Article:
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Livingston County, Illinois
Genealogy and History

Pontiac History
Livingston County, Illinois


(Transcribed by: Teri Moncelle Colglazier)

Seat of justice and largest city of Livingston County is Pontiac, located on the Vermilion River in the geographical center of the county.

Although the corporate population of Pontiac is 8,990, it is the center of a retail trading area estimated at more than 40,000.

Within the boundaries of the city is located the Pontiac branch of the Illinois state penitentiary system. It occupies twenty-six buildings on a twenty-acre tract of landscaped ground and houses more than 2,000 inmates.

Just west of Pontiac may be found the Chief City Airport.

On the courthouse lawn in Pontiac may be found a stone memorial to the celebrated Indian chief after whom the city is named. Here, also, stands the Soldiers' and Sailors' Monument, memorializing men of the county who fell in the Civil War.

The city's central business district contains branches of such national chain stores as J. C. Penny Company, Kroger, A & P, National Tea, Montgomery Ward & Company and Sears Roebuck & Company.

Among leading manufacturing plants within the city are the Fashion-Hilt Shoe Company, the Johnson Press Company, the Brockton Heel Company and the Morton Printing Company.

The city has two banks which, in 1954, had savings deposits totaling $624,936.41.

Only newspaper of the county seat is the Leader, which in 1954 had a circulation of 4,770.

Located ninety-two miles southwest of Chicago in the midst of a rich farming area, Pontiac is served by the Illinois Central, the Gulf, Mobile & Ohio, and the Wabash railroads, as well as by US 66 and state highways 116 and 23.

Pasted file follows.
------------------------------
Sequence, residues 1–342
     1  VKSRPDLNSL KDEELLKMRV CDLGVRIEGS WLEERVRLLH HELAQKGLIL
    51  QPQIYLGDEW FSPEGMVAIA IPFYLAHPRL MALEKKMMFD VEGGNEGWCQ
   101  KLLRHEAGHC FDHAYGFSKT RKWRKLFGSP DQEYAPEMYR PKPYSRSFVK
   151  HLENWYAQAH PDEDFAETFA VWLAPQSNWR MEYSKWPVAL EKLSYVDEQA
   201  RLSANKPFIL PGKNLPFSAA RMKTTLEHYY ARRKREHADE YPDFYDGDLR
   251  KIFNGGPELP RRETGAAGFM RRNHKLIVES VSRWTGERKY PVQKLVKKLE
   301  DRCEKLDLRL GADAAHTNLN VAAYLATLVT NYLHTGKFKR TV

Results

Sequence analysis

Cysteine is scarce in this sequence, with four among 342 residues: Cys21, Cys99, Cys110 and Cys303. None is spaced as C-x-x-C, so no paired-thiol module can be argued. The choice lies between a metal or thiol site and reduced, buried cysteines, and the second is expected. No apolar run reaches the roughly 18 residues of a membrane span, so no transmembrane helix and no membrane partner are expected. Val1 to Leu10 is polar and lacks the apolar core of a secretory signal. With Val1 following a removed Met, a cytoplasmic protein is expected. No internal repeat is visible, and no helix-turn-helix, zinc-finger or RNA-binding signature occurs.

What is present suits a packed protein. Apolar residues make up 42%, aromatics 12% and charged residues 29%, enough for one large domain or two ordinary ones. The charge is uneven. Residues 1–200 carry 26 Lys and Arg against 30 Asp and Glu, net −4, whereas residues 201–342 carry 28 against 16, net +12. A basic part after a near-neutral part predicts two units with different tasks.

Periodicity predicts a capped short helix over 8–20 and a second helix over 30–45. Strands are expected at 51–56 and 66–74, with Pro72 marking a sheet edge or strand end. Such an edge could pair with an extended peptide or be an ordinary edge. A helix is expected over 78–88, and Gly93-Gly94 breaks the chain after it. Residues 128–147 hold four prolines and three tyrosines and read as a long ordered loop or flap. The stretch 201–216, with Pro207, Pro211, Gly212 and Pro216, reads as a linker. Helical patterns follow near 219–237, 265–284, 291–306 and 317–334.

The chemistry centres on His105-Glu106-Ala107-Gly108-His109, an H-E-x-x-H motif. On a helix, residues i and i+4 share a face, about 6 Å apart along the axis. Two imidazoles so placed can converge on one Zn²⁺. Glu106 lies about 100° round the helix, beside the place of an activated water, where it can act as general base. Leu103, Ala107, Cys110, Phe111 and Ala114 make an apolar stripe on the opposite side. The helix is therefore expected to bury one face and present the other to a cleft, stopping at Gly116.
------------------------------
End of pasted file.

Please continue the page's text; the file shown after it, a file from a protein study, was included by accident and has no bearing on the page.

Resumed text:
This city is the only community of Pontiac Township which in 1950 had a total population of 9,906. Parts of the township were annexed to Pontiac city in 1942 and 1946.
[Source: "This is Livingston County, Illinois" by: John Drury, The Loree Co., Chicago, Illinois (1955)]


The first JAIL was built at Pontiac in 1866. Previous to that time, the prisoners of the county were kept at Joliet, Ottawa or Bloomington, where such conveniences of civilization existed. In that year, a good substantial stone jail was erected at a cost of $18,000.
[The History of Livingston County, Illinois - Wm. LeBaron, Jr. & Co. - 186 Dearborn Street, Chicago (1878)]


The first POST OFFICE was that established in Pontiac, in 1837, and Cornelius W. Reynolds was the first Postmaster.
Letter postage was then twenty-five cents, payable either on mailing the letter or at the office where it was received.
No inconsiderable number of letters came to the office unpaid, and such was the scarcity of money that some of them would remain in the office for weeks and even months, before they could be taken out and paid for.
Martin A. Newman was the first Route Agent. He traveled on horseback from Ottawa to Bloomington, by way of Pontiac and Lexington, and made a trip in two weeks.

Jerome Garner was the second Postmaster at Pontiac, and when he received his appointment he purchased a bell-crowned stove-pipe hat, and in it he kept all mail matter which arrived at this point. He was extremely fond of fishing ; and when any one was desirous of mailing a letter or expecting to receive one, it was necessary to seek for Jerome up or down the Vermilion until he was found, when he would take off his hat, perform his official duties, and then return it to his head.
[The History of Livingston County, Illinois - Wm. LeBaron, Jr. & Co. - 186 Dearborn Street, Chicago (1878)]


Settlers & Settlements